Willpower, Life Authorship & Hurling – No Conspiracy at London Victorians

London Victorians Toastmasters Club meeting report by Matthew – 8th of August 2017

Our Toastmaster Ed kicked the evening off with wit, enthusiasm and a time-honoured Toastmasters theme – where’s our favourite place to go on holiday, or place we’d like to go?

In case you’re interested I’d really like to travel across Iceland for the barren moon-like landscape, but no doubt you’re now thinking about your own holiday dreams….

Back to the meeting – we had some exceptional speeches, of course. Nick managed to triangulate two themes from the previous week – spending too much time on your phone, and being a bit obsessive with news. For Nick, his problem was both, as he almost wished his phone to feed him another story. Nick challenged us to think about willpower and training the brain – qualities that I think investing your time in Toastmasters is a solid demonstration of.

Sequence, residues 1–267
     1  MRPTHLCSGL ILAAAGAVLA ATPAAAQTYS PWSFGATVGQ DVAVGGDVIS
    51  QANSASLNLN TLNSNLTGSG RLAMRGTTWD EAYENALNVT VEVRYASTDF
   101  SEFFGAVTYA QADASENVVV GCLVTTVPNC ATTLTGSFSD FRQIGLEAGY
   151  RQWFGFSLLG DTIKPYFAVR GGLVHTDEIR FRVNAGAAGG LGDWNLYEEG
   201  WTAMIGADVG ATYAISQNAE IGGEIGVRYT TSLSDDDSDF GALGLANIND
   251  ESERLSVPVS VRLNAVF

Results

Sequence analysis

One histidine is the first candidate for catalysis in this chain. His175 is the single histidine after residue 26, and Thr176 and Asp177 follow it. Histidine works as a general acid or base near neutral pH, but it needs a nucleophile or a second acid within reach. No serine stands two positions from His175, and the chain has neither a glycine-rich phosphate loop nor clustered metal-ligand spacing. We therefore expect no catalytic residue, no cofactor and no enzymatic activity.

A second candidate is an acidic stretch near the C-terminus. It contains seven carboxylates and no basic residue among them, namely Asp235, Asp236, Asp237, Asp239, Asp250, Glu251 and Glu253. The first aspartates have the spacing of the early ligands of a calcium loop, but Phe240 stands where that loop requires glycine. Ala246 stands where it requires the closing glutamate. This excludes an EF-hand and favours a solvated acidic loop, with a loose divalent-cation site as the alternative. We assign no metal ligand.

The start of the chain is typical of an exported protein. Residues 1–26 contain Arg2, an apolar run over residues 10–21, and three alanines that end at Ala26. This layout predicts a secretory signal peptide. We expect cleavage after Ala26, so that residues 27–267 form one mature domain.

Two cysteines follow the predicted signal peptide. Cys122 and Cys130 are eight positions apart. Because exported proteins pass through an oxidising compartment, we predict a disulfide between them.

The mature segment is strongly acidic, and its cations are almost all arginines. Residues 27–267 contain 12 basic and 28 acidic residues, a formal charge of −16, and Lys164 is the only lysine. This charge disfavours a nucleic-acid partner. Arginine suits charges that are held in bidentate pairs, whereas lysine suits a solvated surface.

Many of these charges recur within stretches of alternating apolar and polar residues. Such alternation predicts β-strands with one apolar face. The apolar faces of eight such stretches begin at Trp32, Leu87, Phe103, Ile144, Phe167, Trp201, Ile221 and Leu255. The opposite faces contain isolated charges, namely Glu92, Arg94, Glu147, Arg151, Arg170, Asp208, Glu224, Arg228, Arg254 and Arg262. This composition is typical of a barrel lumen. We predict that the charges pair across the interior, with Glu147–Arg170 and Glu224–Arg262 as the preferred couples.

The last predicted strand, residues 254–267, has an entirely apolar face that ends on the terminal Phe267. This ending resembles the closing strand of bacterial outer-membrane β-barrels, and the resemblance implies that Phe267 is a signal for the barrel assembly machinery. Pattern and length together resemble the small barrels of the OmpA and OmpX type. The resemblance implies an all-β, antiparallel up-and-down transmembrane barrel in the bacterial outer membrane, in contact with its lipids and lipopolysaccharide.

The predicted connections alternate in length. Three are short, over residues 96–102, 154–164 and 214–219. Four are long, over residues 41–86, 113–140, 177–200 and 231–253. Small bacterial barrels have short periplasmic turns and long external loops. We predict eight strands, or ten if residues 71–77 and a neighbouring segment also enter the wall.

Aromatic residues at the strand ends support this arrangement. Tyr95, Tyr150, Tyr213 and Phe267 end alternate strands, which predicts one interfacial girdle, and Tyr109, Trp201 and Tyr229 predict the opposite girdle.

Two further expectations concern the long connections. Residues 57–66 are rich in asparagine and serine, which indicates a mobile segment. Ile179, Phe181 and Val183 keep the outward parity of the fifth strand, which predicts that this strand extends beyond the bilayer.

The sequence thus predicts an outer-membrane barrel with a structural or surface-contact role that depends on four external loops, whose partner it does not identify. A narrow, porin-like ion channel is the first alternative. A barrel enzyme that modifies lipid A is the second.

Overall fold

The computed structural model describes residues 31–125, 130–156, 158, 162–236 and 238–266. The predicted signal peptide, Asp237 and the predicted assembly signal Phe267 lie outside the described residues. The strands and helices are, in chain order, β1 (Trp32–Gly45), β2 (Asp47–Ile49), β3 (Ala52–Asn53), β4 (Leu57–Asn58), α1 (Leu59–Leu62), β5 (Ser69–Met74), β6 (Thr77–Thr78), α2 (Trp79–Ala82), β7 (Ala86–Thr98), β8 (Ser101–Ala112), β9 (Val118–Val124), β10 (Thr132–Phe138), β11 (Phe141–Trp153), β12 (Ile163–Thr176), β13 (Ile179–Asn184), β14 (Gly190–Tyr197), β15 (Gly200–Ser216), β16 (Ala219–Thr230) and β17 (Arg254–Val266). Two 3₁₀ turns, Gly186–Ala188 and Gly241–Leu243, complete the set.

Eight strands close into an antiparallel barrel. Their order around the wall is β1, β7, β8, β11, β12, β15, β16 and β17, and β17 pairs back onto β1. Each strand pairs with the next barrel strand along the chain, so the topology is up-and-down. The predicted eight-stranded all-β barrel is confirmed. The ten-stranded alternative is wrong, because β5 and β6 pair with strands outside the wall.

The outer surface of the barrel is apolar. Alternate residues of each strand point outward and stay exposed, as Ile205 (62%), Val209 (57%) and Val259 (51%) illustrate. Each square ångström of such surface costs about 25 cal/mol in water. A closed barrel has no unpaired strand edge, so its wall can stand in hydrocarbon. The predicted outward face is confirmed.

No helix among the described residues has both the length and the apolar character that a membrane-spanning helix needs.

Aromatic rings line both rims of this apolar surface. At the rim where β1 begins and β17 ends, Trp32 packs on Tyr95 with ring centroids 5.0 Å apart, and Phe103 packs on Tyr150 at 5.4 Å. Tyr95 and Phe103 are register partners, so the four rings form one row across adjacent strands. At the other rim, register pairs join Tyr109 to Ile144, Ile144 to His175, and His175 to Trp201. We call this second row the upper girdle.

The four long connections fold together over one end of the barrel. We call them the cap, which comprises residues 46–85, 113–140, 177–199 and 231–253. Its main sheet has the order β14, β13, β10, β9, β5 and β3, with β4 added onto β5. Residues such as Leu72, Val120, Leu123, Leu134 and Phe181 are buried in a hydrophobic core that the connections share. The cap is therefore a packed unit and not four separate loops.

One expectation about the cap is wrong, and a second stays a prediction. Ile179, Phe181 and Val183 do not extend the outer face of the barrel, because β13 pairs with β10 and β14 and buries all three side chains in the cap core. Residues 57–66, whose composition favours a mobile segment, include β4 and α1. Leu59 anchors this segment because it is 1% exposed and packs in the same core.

Charlotte introduced the concept of ‘life authorship’. In essence it’s about taking control of your own narrative and crafting the story that you want to. In order to do this you need a character (yourself), a quest and allies. For Charlotte her quest was met when she performed live music on stage in front of thousands of people. I think this was particularly poignant for all of us taking our next steps at Toastmasters – setting yourself a goal will push you out of your comfort zone.

Shifting from the self to the wider world (well, Ireland at least) Karen took us through the world of hurling, so every person at the meeting should now be suitably knowledgeable to explain what a hurl is (the stick they play with) and why it could be termed a ‘clash of ash’ (the hurls are made of ash!). Karen used visuals particularly well to illustrate her speech in my opinion, including to demonstrate her hurling heritage with some ol’ school pics of the family and the local club. But we need not rely on old photos to get a taste of this curious sport – it’s now on Sky Sports.

For the table topics, Alexandro challenged speakers to come and defend or challenge some conspiracy theories, ranging from the old fashioned to the slightly risqué. I particularly liked John assertion that the world was flat, and that the spherical idea had in fact been concocted by greedy globe salesman.